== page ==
2.3.54. DUMP

Displays memory contents in hexadecimal or ASCII format.

Syntax

DUMP [{/B|/H|/W|/8|/16|/32}] [{address | address-range}]

Note

/B|/H|/W are deprecated in this release.

where:

/B | /8

Sets the display format to 8 bits. Each line of output displays 16 bytes.

/H | /16

Sets the display format to 16 bits. Each line of output displays eight 16-bit values.

/W | /32

Sets the display format to 32 bits. Each line of output displays four 32-bit values.

Note

If no display format is specified, the default is the native format for the debug target. For example, the ARM7TDMI processor naturally addresses 8 bits.

address

Specifies a memory address at which to begin the display of contents. If the start address is at an offset from the address of a line, then any values at addresses before the start address are not displayed. The remainder of that line and the whole of the following line are displayed. For an example, see Examples.

address-range

Specifies a range of memory addresses whose contents are to be displayed. If the start address is at an offset from the address of a line, then any values at addresses before the start address are not displayed. If the end address is at an offset from the address of a line, then any values at addresses after the end address are not displayed. For an example, see Examples.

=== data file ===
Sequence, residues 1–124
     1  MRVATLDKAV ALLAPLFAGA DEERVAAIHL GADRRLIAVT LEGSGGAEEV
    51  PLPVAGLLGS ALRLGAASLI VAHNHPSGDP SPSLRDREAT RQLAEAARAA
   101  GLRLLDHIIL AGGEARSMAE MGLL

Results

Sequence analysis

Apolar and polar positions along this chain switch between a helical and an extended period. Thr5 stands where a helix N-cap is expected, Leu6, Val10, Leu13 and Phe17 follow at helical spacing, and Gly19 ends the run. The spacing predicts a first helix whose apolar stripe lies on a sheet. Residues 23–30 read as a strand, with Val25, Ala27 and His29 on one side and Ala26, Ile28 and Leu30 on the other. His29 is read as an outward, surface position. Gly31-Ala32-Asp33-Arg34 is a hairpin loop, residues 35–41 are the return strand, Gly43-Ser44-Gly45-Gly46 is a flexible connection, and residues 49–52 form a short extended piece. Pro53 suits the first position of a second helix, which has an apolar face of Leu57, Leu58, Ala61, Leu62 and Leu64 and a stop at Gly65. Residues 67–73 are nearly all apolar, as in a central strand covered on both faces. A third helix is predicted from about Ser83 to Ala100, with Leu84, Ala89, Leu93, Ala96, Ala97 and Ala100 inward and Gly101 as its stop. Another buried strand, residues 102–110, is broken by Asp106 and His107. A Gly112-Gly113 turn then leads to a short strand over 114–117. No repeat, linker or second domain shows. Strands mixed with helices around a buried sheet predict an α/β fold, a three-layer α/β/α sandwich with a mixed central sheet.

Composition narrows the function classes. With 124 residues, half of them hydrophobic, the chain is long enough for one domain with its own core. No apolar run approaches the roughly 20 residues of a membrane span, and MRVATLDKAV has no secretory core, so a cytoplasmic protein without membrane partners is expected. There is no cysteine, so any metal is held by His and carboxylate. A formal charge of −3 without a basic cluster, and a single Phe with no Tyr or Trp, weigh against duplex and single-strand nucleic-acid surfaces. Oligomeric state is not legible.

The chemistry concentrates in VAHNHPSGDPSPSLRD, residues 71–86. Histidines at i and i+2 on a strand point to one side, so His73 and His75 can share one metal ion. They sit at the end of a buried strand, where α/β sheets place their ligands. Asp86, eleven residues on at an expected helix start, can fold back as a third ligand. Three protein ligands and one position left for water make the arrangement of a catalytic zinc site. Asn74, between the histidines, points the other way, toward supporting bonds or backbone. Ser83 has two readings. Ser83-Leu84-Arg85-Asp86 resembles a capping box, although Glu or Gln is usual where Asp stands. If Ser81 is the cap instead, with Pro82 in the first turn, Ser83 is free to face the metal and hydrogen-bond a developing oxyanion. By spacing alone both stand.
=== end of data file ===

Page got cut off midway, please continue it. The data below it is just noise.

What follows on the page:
Description

The DUMP command displays memory contents in 8-bit, 16-bit or 32-bit hexadecimal values and ASCII characters on the screen. If you are using the GUI, then they are displayed in the Output view.

If you do not specify any parameters, the next five lines of data after the previously dumped address range are displayed. In the character output format, nonprintable characters (such as a carriage return) are represented by a period (.).

The DUMP command runs synchronously unless background access to target memory is supported. Use the WAIT command to force it to run synchronously.

Examples

The following example illustrates the output of DUMP. The first example displays two rows of memory from 0x8000.

> dump 0x8000
  0x00008000 00 00 00 EA 24 06 00 EA  28 C0 8F E2 00 0C 9C E8 ....$...(.......
  0x00008010 0C A0 8A E0 01 70 4A E2  0C B0 8B E0 0B 00 5A E1 .....pJ.......Z.

Executing DUMP again displays a page of memory from 0x8020.

> dump
             +0 +1 +2 +3 +4 +5 +6 +7  +8 +9 +A +B +C +D +E +F
             ------------------------------------------------
  0x00008020 86 06 00 0A 0F 00 BA E8  14 E0 4F E2 01 00 13 E3 ..........O.....
  0x00008030 03 F0 47 10 03 F0 A0 E1  54 6A 00 00 64 6A 00 00 ..G.....Tj..dj..
  0x00008040 00 30 A0 E3 00 40 A0 E3  00 50 A0 E3 00 60 A0 E3 .0...@...P...`..
  0x00008050 10 20 52 E2 78 00 A1 28  FC FF FF 8A 82 2E B0 E1 . R.x..(........
  0x00008060 30 00 A1 28 00 30 81 45  0E F0 A0 E1 04 30 9F E5 0..(.0.E.....0..

Requesting a DUMP of memory as 16-bit values, and specifying a range of addresses produces the following result:

> dump /16 0x8338..0x8348
  0x00008330                           4844  5952  5453  4E4F         DHRYSTON
  0x00008340 2045  5250  474F  4152    2C4D                   E PROGRAM,

See also

Copyright © 2002-2011 ARM. All rights reserved.ARM DUI 0175N
Non-ConfidentialID052111